By: Andrew Regitsky
One of the few issues uniting the industry is the importance of 911 and Enhanced 911 service. Yet for years states have diverted the fees telecoms collect from the public to pay for 911 upkeep and improvements and use them instead as general funds or for network improvements unrelated to public safety. Some states have typically diverted more than 5 percent of 911 fees to meet other needs or concerns.
Alerted to this issue in 2004, seventeen years later, Congress finally had enough. On December 27, 2020, the Don’t Break Up the T-Band Act (T-Band Act) of 2020 was passed and became law. The T-Band Act requires the FCC to develop rules within 180 days and issue final rules to address 911 fee diversion by states and other taxing jurisdictions (such as Indian Tribes) for purposes unrelated to 911. In response, at its upcoming February 17 meeting, the Commission will release a Notice of Proposed Rulemaking (NPRM) in Docket 20-291 seeking industry comments on proposed rules to stop this state practice. Comments are due 20 days after the NPRM appears in the Federal Register.
In the NPRM the Commission makes the following proposals for which it seeks comments:
The FCC proposes rules that define the types of expenditures of 911 fees by states and taxing jurisdictions that are acceptable under the Act and the types of expenditures that constitute 911 fee diversion. Under the proposed rules, 911 funds can be used only for (1) support and implementation of 911 services provided by or in the state or taxing jurisdiction imposing the fee or charge, and (2) operational expenses of Public Safety Answering Points (PSAPs) within such state or taxing jurisdiction. Proposed acceptable uses include:
(1) PSAP operating costs, including lease, purchase, maintenance, and upgrade of customer premises equipment (CPE) (hardware and software), computer aided dispatch (CAD) equipment (hardware and software), and the PSAP building/facility;
(2) PSAP personnel costs, including telecommunicators’ salaries and training;
(3) PSAP administration, including costs for administration of 911 services and travel expenses associated with the provision of 911 services;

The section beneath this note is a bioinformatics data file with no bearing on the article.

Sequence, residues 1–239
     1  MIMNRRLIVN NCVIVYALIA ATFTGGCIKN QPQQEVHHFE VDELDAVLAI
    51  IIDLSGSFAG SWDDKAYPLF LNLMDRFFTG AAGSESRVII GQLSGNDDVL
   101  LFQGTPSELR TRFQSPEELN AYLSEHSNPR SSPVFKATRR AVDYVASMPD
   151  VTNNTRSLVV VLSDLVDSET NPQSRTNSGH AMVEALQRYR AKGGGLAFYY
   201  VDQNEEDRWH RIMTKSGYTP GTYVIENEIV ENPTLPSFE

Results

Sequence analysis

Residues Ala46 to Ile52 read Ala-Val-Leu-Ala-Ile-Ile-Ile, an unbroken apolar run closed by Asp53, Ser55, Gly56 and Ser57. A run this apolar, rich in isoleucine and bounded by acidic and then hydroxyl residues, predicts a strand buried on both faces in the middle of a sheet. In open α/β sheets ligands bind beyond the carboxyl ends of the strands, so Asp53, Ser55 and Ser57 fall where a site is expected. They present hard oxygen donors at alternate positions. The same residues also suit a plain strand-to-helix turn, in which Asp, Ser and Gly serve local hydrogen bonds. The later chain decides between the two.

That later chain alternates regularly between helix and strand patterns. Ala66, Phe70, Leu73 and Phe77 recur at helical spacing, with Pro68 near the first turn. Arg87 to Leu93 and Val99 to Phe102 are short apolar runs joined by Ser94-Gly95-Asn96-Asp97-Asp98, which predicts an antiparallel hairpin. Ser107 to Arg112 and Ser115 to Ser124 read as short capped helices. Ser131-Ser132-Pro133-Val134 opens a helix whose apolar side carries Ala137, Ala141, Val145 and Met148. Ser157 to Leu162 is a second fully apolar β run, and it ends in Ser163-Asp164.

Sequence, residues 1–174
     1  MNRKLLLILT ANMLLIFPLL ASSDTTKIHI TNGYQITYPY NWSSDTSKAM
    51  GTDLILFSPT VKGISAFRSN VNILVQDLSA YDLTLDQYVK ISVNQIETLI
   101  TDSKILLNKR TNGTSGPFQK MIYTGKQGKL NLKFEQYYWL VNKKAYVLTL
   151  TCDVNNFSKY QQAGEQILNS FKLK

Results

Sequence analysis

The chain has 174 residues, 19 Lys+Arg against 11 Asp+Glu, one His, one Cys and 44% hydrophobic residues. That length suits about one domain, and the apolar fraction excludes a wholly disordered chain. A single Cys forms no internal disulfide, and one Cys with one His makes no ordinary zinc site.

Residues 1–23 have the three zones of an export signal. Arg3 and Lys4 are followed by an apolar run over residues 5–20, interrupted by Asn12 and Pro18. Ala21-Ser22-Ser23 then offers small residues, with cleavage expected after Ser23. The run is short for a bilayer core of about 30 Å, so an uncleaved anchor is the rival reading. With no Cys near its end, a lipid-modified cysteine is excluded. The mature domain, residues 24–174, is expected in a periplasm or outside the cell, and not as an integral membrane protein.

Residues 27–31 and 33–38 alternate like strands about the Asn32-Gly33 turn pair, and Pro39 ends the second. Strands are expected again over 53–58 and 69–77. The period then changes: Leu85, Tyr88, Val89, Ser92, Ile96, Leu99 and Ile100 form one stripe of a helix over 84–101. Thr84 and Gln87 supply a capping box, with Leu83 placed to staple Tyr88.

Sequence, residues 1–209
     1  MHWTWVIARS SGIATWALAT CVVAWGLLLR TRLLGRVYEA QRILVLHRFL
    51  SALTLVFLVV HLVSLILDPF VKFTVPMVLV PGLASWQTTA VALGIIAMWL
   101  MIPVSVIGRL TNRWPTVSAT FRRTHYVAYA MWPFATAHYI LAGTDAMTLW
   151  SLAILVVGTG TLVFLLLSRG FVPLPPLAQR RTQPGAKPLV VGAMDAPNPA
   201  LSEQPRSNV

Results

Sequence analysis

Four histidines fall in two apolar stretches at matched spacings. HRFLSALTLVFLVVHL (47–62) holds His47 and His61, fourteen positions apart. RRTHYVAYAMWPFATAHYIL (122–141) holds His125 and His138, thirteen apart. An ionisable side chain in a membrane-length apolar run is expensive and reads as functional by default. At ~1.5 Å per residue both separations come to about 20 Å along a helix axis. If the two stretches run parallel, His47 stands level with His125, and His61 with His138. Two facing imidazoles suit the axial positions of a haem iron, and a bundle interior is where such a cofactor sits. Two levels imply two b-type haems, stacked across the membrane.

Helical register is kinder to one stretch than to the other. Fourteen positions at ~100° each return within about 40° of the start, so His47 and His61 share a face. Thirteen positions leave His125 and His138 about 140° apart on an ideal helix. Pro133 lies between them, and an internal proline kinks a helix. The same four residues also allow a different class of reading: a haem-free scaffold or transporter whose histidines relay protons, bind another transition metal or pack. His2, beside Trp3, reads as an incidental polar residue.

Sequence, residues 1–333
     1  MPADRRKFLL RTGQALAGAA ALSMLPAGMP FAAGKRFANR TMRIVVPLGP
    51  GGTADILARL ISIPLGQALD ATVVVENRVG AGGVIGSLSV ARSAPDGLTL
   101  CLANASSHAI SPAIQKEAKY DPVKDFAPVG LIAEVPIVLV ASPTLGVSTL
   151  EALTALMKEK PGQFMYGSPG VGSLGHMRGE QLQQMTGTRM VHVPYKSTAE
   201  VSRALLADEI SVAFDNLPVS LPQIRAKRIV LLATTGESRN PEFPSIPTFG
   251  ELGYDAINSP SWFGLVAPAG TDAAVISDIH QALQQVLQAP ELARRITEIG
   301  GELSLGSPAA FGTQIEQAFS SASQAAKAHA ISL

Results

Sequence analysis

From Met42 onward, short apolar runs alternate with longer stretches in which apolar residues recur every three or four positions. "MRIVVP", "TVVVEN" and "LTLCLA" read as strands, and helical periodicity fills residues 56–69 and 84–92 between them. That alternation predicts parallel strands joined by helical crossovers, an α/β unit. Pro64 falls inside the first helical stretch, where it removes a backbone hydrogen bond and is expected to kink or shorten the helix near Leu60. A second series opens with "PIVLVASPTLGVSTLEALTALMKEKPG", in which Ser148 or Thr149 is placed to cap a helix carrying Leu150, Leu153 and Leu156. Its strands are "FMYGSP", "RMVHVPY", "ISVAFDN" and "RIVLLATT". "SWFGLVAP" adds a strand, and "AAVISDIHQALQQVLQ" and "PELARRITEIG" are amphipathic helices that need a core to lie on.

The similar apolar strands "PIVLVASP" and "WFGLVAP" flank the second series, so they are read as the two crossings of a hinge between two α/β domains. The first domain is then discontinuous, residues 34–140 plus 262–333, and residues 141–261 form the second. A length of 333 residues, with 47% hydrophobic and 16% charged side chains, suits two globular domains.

(4) Integrating public safety/first responder dispatch and 911 systems, including lease, purchase, maintenance, and upgrade of CAD hardware and software to support integrated 911 and public safety dispatch operations; and
(5) Providing for the interoperability of 911 systems with one another and with public safety/first responder radio systems.
Proposed unacceptable uses of 911 funds include:
(1) Transfer of 911 fees into a state or other jurisdiction’s general fund or other fund for non-911 purposes;
(2) Equipment or infrastructure for constructing or expanding non-public safety communications networks (e.g., commercial cellular networks); and
(3) Equipment or infrastructure for law enforcement, firefighters, and other public safety/first responder entities, including public safety radio equipment and infrastructure, that does not have a direct impact on the ability of a PSAP to receive or respond to 911 calls or to dispatch emergency responders.
Next, the Commission proposes rules that would allow states and taxing jurisdictions to petition the Commission for a determination that expenditures of 911 fees not previously designated as acceptable by the Commission should be treated as acceptable under the Act. To have the petition accepted, the petitioner must demonstrate that its fee diversion (1) supports public safety answering point functions or operations, or (2) has a direct impact on the ability of a public safety answering point to receive or respond to 911 calls or to “dispatch emergency responders.
The Commission proposes a rule providing that any state or taxing jurisdiction identified as a 911 fee diverter in its annual 911 fee report to Congress is ineligible to serve on any FCC committee, panel, or council established to advise the First Responder Network Authority (FirstNet) or any advisory committee.
Lastly, the agency proposes a rule providing that if a state or taxing jurisdiction receives a federal 911 grant, as a condition of the grant it must provide information that the Commission requires in order to prepare the annual 911 fee report to Congress.
Congress and the FCC have attempted to address 911 fee diversion for years. Unfortunately, we continue to hear horror stories about unanswered 911 calls or long waits for responses. It is high time that this necessary service is more tightly controlled with all fees accounted for.